We know you consider it a part of your beauty, but do you guys have to talk about it, stress over it, even cry about it so much? Not to mention the overnight hair experts that are taking over Facebook, Instagram, and YouTube. Do you guys need so much advice? Here is a better question, why are Caribbean women so obsessed with hair?

Throughout the ages and in every culture, hair has been linked to a woman’s beauty. It represents how they are seen, what they do, what they believe, and how they are identified. For example, Amerindian women wore two side buns called “squash blossoms” until they married, then they would have a single braid down the back. Up until about 50 years ago, Indian widows were forced to shave their heads as a form of devotion to their husbands as it was deemed they had nothing more to live for. In Africa, around the 15th century, hairstyles were used to indicate a person’s marital status, age, religion, ethnic identity, wealth and rank within their community. After slavery, hair became more of a matter of labour. Even within the Chinese community, hair helped distinguish between the Han people and other ethnic groups, as the former tended to have it bound, while the other grew their long hair unkempt. In the Tang Dynasty (AD 618-907), hairdos with different shapes evolved into a symbol of class status.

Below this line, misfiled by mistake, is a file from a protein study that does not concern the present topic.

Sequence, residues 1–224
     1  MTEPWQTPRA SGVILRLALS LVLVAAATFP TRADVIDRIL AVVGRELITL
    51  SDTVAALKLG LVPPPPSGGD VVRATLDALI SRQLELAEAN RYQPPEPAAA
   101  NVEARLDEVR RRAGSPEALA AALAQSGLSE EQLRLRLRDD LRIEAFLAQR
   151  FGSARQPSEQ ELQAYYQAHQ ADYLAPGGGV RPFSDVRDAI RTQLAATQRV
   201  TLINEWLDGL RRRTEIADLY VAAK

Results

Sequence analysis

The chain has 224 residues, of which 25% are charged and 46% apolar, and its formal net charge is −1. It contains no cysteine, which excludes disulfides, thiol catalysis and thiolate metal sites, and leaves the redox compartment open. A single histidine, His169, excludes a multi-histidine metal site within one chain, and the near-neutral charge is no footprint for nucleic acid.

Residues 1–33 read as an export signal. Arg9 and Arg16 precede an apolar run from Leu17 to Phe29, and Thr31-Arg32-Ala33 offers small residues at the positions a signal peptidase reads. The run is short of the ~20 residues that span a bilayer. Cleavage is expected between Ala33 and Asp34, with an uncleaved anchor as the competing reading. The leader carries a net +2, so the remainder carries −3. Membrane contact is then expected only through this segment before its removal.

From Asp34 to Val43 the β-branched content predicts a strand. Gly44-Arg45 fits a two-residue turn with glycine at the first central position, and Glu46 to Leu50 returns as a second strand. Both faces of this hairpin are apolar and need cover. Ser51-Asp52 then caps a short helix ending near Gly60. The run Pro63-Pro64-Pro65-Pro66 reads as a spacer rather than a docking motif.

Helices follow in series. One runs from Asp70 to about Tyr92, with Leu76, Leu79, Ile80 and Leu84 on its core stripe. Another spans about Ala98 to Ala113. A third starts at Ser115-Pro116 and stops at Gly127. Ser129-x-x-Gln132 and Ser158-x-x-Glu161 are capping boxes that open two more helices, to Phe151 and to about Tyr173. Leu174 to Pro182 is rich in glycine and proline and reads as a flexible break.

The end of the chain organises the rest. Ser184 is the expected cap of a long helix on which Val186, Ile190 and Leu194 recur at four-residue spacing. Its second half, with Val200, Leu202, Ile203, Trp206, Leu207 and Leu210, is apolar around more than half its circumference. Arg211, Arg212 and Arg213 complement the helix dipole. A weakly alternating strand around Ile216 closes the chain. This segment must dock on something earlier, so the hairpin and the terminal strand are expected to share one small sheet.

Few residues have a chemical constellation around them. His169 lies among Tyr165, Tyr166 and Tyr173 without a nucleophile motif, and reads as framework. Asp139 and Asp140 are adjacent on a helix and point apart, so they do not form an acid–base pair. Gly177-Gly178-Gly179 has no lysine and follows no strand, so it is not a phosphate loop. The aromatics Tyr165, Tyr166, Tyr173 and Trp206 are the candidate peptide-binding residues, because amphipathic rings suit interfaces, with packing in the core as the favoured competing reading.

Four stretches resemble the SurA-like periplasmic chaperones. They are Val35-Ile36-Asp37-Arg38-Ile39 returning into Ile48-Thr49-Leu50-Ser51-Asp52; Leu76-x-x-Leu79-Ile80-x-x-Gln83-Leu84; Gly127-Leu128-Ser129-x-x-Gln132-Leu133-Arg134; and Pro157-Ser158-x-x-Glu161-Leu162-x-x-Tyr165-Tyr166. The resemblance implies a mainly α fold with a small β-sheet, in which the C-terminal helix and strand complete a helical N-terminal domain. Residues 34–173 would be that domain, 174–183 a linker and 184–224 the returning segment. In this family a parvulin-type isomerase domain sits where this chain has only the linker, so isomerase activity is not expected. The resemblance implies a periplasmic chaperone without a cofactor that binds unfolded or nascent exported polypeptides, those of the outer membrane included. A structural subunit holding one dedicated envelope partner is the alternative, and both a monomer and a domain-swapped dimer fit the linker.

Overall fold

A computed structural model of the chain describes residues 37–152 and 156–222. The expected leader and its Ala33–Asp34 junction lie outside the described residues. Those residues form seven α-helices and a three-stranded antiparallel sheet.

Mixing all these cultures in one place should ultimately intensify the obsession. Is this the reason why Caribbean women are so obsessed with hair? Whatever the reason women are more than their fabulous, enduring crowning, yet essentially dead organ, on top of their heads. They should be forgiven for shedding a well-deserved tear for it once in a while, but evidently, there is more to life ladies. Not so?

Photos courtesy

Pink and Purple©Dionysius/Flickr

My Hair©Haburashiko/Flickr

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